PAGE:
Step off the plane, take in a huge gulp of air after being trapped in a smelly jumbo jet for 14 hours. Immediately begin gagging because you realize it doesn’t smell any fresher outside. Welcome to Ethiopia!
When I first went to Ethiopia in the summer of 2012, I went with the expectation of changing some lives and starting a spiritual revolution. Lives were definitely changed, but God had started a spiritual revolution long before I arrived.
As a Westerner, it was easy for me to go to a foreign country thinking I had the answers to problems—problems the Ethiopians didn’t even know they had! I must say, I was pretty insightful. After a few minutes, though, I quickly realized my helplessness. I didn’t know the language. I couldn’t drink the water. And I couldn’t navigate those streets even if I was a NYC cab driver.
Eventually I learned to default to the knowledge of our Ethiopian director Yonas. He kept us out of trouble and introduced us to some amazing things. We saw formerly-starved children now receiving daily meals and education. We met 15 and 16 year old girls who had been slaves to sexual abuse, drug addictions and prostitution now brimming with hope after an encounter with Christ. I hadn’t started any kind of spiritual revolution; but God was kind enough to let me watch one in action.
A week later, we say our heartfelt goodbyes and promise to stay in touch like a gaggle of middle schoolers getting ready to part at the end of summer camp. We cram back on that smelly plane and head back to the good ol’ USA.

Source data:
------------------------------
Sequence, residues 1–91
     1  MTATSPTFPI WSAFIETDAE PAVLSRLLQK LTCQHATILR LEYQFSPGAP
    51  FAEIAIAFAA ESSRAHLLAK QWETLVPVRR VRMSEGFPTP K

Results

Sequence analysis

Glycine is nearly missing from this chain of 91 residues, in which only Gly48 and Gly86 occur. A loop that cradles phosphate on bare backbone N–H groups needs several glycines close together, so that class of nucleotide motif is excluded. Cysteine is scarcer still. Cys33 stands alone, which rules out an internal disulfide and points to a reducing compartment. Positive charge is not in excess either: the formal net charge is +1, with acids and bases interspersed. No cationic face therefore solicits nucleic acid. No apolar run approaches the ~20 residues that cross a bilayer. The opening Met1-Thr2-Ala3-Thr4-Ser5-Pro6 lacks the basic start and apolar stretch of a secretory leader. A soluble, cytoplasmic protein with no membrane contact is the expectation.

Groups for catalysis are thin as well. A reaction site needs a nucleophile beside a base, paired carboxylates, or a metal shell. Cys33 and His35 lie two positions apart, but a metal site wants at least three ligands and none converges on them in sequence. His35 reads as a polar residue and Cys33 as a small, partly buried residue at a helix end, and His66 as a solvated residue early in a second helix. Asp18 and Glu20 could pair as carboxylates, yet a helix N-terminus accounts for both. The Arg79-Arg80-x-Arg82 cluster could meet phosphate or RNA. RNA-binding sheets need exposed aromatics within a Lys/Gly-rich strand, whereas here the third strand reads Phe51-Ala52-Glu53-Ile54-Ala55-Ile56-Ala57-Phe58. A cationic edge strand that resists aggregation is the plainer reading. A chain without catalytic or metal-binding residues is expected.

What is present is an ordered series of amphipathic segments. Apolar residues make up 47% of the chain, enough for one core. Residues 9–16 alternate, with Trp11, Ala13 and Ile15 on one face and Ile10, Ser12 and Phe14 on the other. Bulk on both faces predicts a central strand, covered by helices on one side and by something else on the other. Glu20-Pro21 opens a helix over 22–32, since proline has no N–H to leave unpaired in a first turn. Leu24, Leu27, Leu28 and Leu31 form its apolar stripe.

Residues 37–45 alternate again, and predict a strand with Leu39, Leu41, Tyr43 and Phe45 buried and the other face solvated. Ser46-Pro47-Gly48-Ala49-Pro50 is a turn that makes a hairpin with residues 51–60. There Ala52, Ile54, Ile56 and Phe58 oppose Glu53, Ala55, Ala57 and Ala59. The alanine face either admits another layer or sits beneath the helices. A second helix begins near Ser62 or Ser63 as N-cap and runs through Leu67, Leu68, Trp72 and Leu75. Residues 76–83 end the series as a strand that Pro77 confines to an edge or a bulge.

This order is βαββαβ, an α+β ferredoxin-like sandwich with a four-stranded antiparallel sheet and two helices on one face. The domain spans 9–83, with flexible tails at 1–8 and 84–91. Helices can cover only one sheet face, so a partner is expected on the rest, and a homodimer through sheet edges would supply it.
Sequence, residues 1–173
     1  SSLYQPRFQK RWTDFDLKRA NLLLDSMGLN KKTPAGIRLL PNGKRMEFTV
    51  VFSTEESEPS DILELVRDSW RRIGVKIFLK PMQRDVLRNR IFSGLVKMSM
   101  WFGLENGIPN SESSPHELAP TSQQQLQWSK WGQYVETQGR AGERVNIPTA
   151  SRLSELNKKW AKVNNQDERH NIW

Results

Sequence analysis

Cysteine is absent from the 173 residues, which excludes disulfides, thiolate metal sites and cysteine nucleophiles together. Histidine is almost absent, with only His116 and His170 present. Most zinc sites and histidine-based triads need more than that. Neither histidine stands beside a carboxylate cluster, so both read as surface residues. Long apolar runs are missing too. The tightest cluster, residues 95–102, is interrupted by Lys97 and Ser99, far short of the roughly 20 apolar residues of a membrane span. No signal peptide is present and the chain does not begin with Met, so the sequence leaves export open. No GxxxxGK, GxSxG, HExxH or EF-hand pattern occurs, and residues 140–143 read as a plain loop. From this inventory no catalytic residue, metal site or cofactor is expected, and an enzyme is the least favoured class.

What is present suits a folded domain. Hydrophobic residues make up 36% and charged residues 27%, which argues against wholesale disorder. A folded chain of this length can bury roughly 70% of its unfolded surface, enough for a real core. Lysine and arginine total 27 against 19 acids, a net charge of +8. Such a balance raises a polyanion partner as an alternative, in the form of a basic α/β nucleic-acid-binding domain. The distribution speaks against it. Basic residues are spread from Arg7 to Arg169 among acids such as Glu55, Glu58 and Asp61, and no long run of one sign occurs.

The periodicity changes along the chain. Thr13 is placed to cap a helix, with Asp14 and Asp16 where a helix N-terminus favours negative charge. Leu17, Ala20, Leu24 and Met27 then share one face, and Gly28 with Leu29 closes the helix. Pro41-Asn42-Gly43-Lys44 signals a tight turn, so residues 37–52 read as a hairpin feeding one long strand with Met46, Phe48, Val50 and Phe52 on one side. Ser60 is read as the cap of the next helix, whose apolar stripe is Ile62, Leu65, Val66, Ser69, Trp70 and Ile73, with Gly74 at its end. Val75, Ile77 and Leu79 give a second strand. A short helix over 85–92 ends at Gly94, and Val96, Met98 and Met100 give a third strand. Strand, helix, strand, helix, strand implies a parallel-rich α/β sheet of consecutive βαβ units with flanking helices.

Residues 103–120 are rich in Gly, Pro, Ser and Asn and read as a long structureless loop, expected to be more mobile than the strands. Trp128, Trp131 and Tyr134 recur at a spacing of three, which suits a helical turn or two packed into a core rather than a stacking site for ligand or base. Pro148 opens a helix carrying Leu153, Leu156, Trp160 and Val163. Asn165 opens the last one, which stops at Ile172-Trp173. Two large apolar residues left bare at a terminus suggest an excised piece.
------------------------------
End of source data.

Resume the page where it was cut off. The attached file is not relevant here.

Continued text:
As I get settled in for the 17-hour return flight, a few things rack my mind. How much longer until I get an ice cold Dr. Pepper in my hand? Did I really just fly across the ocean to be a spectator? How does playing games with kids impact the Kingdom?
As soon as we landed in DC, I solved the Dr. Pepper dilemma. The other things continued to plague me for weeks. Seeing God at work was great, but how does that help others? It was at that point God tapped me on the shoulder and said, “I want you to stop trying to perform, and just proclaim. Be my witness.”
Since then, I have gone from advocate, to intern, to employee of Eyes That See. God has also personally transformed me from a performer into a proclaimer. I love sharing with others what God is doing in Ethiopia, and I will probably continue to do so for a long time.
So as you drop coins into your jars, don’t think about performance (amount, participation, etc.)—think about how you will proclaim His name and draw others into His Kingdom revolution.
posted by JJ Galipeau, US Program Coordinator of Eyes That See